In additional to the standard rotation schedule, seniors are offered the option of 12 weeks of selective rotations, with which they can concentrate on specific subjects. During this time, residents are expected to function like fellows, and present cases at relevant interdepartmental conferences. 

Multi-disciplinary and case conferences

Each section has a different set of case conferences and multi-disciplinary conferences that provide a rich learning environment to see interesting cases and experience interdisciplinary patient care planning, such as at tumor boards with a few examples below.

The neuroradiology section faculty participates in skull base, ENT, brain, pediatrics, and pediatric oncology tumor boards, epilepsy, vascular, and spine multi-disciplinary conferences. In addition, the neuroradiology section has a weekly fellow conference, combining didactic and hot seat teaching for residents and fellows, as well as a Friday interesting case conference.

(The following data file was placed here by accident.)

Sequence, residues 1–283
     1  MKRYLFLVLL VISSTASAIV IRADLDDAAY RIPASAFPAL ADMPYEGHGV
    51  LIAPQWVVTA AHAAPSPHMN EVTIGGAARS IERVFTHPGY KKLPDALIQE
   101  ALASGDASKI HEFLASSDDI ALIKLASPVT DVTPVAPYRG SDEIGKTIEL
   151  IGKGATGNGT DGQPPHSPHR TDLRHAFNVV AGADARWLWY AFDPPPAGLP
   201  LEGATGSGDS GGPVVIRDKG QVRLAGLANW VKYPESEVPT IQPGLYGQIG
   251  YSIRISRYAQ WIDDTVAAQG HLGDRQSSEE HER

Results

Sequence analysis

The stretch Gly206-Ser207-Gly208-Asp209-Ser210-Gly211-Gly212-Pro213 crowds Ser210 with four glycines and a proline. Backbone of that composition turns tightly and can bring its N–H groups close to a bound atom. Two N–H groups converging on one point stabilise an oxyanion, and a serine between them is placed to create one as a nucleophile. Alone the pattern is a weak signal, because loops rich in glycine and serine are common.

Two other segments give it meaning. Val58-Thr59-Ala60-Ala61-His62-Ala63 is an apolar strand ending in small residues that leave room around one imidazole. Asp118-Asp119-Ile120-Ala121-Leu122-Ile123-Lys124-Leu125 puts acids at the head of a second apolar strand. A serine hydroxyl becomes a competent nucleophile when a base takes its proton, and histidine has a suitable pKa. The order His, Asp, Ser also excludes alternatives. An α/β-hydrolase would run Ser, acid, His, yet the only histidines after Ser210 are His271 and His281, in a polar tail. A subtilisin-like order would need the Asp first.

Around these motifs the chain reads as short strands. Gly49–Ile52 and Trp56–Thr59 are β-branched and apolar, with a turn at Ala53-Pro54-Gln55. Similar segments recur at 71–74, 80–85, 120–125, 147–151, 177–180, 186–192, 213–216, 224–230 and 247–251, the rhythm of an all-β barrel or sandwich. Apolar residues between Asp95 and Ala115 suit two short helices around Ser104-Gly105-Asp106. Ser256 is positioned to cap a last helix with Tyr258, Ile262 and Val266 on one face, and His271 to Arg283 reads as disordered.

The MSK section has weekly orthopedic oncology, soft tissue sarcoma interdisciplinary conferences, monthly rheumatology conferences, and biweekly CME interesting case conferences.

The Pediatric Radiology section has a bimonthly interdisciplinary tumor board with a biweekly surgery conference. In addition, an interesting case conference is being developed.

The Abdominal imaging section hosts GI tumor board, liver conference, rectal cancer tumor board, adrenal conference, inflammatory bowel disease conference, fetal care and treatment conference, and GI fellows conference.

Residents as teachers

Radiology is a unique specialty as almost every medical specialty utilizes imaging. Consequently, we have many different medical students, residents, and fellows who rotate through our department to learn about imaging in their field or for their future practice. With experience, you will serve as the teacher and educate the rotating visitor about the cases that you are reading.

Many teaching opportunities include:

  • Two separate lectures as fourth year residents in a topic of your choice.
  • Lectures to our first year radiology residents through our first year lecture series, focused on introductory topics.
  • Volunteer education sessions for medical students as part of the radiology curriculum, focusing on anatomy.
  • Education throughout the workday for the visiting student, resident, or fellow

Simulation experiences/opportunities

We have many opportunities for hands on experience with dedicated sessions to enhance learning of specific skills:

ultrasound curriculum director Shannon NavarroUltrasound curriculum director Shannon Navarro

Ultrasound course